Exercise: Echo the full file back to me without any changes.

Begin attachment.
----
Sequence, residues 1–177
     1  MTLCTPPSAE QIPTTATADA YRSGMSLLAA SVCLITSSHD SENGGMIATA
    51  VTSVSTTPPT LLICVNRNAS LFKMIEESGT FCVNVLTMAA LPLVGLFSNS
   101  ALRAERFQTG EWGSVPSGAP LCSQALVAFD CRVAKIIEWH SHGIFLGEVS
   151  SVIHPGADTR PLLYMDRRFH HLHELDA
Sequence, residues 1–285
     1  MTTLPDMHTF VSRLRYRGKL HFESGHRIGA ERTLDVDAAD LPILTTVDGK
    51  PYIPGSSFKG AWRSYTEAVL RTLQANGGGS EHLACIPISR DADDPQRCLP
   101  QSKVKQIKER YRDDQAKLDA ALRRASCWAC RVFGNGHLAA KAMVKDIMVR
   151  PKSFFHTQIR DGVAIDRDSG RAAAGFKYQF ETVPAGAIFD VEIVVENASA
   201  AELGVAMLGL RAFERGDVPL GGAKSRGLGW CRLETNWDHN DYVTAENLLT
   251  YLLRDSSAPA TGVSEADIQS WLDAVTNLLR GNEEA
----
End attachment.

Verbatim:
Sequence, residues 1–177
     1  MTLCTPPSAE QIPTTATADA YRSGMSLLAA SVCLITSSHD SENGGMIATA
    51  VTSVSTTPPT LLICVNRNAS LFKMIEESGT FCVNVLTMAA LPLVGLFSNS
   101  ALRAERFQTG EWGSVPSGAP LCSQALVAFD CRVAKIIEWH SHGIFLGEVS
   151  SVIHPGADTR PLLYMDRRFH HLHELDA
Sequence, residues 1–285
     1  MTTLPDMHTF VSRLRYRGKL HFESGHRIGA ERTLDVDAAD LPILTTVDGK
    51  PYIPGSSFKG AWRSYTEAVL RTLQANGGGS EHLACIPISR DADDPQRCLP
   101  QSKVKQIKER YRDDQAKLDA ALRRASCWAC RVFGNGHLAA KAMVKDIMVR
   151  PKSFFHTQIR DGVAIDRDSG RAAAGFKYQF ETVPAGAIFD VEIVVENASA
   201  AELGVAMLGL RAFERGDVPL GGAKSRGLGW CRLETNWDHN DYVTAENLLT
   251  YLLRDSSAPA TGVSEADIQS WLDAVTNLLR GNEEA